A study in PLOS One by Professor Robert Plomin suggested genetic difference accounted for over half of the variation between pupils’ GCSE results.
Sarah Norcross, Director of the Progress Educational Trust, said:
“The idea of ‘personalised medicine’, which uses our understanding of genetics in order to tailor treatment to individuals, has been promoted for several decades with only very modest success to show for it and brings problems with equity in accessing it. The idea of tailoring education to individuals based on our understanding of their genetics deserves to be treated with, if anything, an even greater degree of scepticism and is likely to have even more equity of access problems.
“That said, these researchers are to be commended for acknowledging that their work has ‘no necessary implications for educational policy, because policy depends on values as well as knowledge’.”
Dr Simon Underdown, Principal Lecturer in Biological Anthropology, Oxford Brookes University, said:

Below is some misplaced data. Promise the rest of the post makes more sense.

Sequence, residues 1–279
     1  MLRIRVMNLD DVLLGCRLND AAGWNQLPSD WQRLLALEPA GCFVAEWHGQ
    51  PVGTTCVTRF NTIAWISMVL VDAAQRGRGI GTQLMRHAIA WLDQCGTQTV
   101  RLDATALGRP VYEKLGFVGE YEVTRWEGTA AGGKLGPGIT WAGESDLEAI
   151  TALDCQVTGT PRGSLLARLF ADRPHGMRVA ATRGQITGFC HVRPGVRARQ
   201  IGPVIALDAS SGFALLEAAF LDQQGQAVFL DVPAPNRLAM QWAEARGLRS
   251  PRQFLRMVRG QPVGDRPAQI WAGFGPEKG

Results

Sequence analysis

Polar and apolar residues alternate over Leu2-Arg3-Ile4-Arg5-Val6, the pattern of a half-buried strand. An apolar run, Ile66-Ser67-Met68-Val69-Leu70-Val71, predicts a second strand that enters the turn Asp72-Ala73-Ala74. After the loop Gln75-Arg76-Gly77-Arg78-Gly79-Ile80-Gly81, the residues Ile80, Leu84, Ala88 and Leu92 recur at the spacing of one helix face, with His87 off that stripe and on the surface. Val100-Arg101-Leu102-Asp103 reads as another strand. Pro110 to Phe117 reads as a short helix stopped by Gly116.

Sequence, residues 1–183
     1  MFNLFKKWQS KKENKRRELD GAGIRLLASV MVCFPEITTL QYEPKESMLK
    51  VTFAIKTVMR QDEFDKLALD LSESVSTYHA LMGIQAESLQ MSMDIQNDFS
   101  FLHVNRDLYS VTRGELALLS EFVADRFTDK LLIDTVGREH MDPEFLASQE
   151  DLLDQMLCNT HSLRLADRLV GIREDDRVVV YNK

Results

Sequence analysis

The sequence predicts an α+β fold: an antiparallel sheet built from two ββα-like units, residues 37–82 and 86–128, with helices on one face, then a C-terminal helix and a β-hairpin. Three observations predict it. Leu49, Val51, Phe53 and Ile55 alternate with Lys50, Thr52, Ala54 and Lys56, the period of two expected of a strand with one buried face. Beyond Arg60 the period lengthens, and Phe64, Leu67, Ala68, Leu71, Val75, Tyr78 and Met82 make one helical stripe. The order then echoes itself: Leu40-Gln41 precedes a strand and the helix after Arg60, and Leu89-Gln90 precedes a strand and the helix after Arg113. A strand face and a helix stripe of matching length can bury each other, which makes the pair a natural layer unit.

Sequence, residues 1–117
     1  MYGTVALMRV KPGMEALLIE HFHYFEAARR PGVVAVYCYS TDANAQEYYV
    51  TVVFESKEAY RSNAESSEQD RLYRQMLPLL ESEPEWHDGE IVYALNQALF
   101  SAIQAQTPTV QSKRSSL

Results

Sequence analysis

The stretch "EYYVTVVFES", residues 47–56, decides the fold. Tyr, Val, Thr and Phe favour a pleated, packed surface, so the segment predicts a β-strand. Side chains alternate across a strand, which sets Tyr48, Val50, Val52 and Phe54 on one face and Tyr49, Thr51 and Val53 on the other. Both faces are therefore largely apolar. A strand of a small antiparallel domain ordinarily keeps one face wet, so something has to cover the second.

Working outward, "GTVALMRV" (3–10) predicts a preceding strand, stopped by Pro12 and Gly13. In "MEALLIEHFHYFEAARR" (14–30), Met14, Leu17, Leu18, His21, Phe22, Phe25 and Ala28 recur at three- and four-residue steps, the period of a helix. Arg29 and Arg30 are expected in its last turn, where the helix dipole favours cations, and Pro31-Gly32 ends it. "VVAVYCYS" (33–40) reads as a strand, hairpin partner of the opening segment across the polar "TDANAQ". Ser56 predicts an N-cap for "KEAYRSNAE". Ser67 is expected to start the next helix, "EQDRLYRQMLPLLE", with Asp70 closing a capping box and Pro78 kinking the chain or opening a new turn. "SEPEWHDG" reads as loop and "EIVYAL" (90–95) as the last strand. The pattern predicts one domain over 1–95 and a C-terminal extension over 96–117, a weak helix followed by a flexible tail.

“The results highlight the important role played by genetics in intelligence but they must be treated with caution. While the genetic influence is slightly more than 50% that still leaves a massive role for environmental factors.
“What this research does is show that complex traits like intelligence are not the product of one or two simple genes. Rather it is managed by an intricate process that relies on genetic factors and environmental influences. The nature-nurture debate is not over yet.”
‘Strong Genetic Influence on a UK Nationwide Test of Educational Achievement at the End of Compulsory Education at Age 16’ by Shakeshaft et al. published in PLOS One on Wednesday 11th December.